FARGO, N.D. – A handful of farmers have found creative ways to defraud federal farm programs in recent years.
There was the North Carolina couple who faked hail damage to their crops by telling workers to throw ice cubes and scatter mothballs onto a tomato field; the South Dakota couple who fleeced the government by collecting $1 million in wool payments for sheep they didn't own; and the Texas man who spent one year in prison for filing a claim for cotton he never planted.
The latest case involves two brothers from North Dakota accused of using various techniques to destroy their potatoes, such as adding septic tank chemicals and bringing in what one witness called a "monster" portable heater to turn their warehouse into a spud sauna.
Fraud is one of the biggest issues in the federal farm program and costs taxpayers millions of dollars per year, according to Chad Marzen, a lawyer and Florida State University professor who specializes in insurance law and regulation.
"The vast majority of farmers are very honest, hard-working people who receive a lot of vital support from the program," said Marzen, who grew up on a farm in northern Iowa. "But it's the unfortunate few instances that have led to more money being appropriated at the federal level to combat fraud."
Aaron and Derek Johnson are scheduled to be sentenced Monday after a jury convicted them of conspiring to receive illegal payments and giving false statements. Federal prosecutor Nick Chase is asking seven years in prison per brother in the scheme he said cost the U.S. Agriculture Department more than $1 million.
Some of the fraud allegations can be difficult to prove, but emerging technologies such as picture imaging have improved the integrity of the program, Marzen said. That said, prosecutors in the Johnson case had to rely on the testimony of a former farmhand who happens to be serving time in prison for sexual assault.
The Johnson brothers, who farmed in the Cooperstown area, were accused of adding spoiled and frozen potatoes to their stored crop and using portable heaters to warm the warehouse above 80 degrees to make the potatoes deteriorate faster. The defendants found that the best way to wreck the crop was using Rid-X, a chemical that's designed to dissolve solid materials in septic systems, prosecutors said.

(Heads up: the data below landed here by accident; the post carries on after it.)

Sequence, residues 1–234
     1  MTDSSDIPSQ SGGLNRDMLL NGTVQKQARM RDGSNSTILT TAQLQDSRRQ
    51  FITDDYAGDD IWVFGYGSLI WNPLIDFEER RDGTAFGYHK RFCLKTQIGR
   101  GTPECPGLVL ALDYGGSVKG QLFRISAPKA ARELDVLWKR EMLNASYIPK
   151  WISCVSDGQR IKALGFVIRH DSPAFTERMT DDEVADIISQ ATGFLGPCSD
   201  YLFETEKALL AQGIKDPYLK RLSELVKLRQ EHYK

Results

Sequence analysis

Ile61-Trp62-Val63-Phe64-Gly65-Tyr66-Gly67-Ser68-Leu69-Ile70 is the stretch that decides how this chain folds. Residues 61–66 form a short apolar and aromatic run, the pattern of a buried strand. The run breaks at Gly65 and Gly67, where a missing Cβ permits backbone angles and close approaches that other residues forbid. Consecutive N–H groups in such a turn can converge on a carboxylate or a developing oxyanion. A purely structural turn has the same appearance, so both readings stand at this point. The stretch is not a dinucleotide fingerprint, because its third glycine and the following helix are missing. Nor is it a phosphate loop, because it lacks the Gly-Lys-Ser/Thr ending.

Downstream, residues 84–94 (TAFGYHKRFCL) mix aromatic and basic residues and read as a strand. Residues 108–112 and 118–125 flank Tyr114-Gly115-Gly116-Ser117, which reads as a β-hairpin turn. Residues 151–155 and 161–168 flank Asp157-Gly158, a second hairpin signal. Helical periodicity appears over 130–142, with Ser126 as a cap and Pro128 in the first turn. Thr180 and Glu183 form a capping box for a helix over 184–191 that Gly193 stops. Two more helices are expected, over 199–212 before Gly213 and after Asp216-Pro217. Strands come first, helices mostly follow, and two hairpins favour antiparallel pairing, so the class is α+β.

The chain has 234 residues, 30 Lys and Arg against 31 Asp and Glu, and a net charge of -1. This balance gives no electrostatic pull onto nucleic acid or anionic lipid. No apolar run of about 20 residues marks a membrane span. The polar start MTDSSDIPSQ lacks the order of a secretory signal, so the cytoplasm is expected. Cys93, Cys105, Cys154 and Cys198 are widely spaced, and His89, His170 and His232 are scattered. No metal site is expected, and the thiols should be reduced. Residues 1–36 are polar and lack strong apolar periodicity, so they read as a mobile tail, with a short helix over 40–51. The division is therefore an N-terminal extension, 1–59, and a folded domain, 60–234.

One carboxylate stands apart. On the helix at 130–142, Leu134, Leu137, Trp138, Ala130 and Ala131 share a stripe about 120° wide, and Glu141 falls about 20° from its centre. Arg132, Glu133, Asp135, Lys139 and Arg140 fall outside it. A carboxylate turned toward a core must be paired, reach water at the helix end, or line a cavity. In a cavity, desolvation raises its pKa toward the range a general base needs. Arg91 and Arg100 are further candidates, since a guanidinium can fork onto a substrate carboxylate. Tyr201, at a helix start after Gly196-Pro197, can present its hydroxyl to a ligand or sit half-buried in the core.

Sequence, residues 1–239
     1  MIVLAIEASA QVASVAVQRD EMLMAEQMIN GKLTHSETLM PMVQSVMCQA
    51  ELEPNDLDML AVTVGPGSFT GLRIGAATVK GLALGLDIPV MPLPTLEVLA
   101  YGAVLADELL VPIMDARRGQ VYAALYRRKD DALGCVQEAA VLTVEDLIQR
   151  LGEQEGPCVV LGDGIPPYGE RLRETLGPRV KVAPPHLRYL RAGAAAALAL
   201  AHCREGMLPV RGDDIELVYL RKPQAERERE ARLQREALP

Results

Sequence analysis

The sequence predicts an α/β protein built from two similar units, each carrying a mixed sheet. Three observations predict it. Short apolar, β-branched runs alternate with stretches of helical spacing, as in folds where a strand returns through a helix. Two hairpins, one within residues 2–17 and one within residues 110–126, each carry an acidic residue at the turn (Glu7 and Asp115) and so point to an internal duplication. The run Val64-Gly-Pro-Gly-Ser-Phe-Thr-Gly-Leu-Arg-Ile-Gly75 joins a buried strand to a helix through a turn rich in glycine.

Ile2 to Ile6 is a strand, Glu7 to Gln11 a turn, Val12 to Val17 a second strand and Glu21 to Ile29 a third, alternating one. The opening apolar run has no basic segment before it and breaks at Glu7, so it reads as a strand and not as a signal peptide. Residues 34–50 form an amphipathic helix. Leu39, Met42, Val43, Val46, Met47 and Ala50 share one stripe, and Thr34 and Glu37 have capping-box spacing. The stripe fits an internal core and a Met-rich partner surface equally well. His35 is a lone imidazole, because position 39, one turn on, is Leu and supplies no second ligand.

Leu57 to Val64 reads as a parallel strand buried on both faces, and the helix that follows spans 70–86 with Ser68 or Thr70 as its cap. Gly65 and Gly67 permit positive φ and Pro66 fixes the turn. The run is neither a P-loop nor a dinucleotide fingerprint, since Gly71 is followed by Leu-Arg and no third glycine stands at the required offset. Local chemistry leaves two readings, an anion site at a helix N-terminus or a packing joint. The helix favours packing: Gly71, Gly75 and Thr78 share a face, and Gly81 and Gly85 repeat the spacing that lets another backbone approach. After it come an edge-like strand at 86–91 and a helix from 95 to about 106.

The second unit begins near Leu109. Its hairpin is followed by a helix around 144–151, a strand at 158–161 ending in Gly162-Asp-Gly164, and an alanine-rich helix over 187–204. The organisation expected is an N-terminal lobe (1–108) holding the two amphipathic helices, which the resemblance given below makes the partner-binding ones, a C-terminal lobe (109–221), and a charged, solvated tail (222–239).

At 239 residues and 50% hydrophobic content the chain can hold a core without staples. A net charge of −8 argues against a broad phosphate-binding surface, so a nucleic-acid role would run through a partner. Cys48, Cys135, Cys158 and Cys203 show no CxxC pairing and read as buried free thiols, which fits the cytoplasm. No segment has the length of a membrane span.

"The amount of the fraud involved likely far exceeds what can be proven by the United States," Chase wrote in his sentencing recommendation, a statement Aaron Johnson's attorney labeled as "disturbing."
"It is dangerous to consider any case, or type of case, based on anecdotes and speculation," Neil Fulton, head of the federal public defender's office for the Dakotas, told The Associated Press.
Fulton said in a sentencing brief that he plans to ask for a sentence of probation for his client, who he said is a valuable asset to his family and community and that prison would hurt his chances of paying back the government.
Derek Johnson's lawyer wrote in his sentencing recommendation that the jury verdict on the conspiracy charge did not represent his client's minimal involvement.
"The uncontroverted testimony at trial was that Aaron Johnson 'made the deals,' he completed and filed all of the paperwork, and he made the decisions on all matters financial," Benjamin Thomas wrote.
The federal farm insurance program is based greatly on trust — that insured producers provide truthful information, Chase said at trial. In addition to harming farm programs, Chase said, the brothers hurt neighbors who had to rely on established county production averages to establish insurance coverage.
"I certainly think that it is" offensive that someone would intentionally destroy food, Marzen said. "It hurts the consumers who may purchase products. It hurts other farmers. It hurts those who abide by the rules."
DOJ farm fraud convictions: http://1.usa.gov/1FaV3av
William & Mary Environmental Law and Policy Review: http://bit.ly/1MbKjNk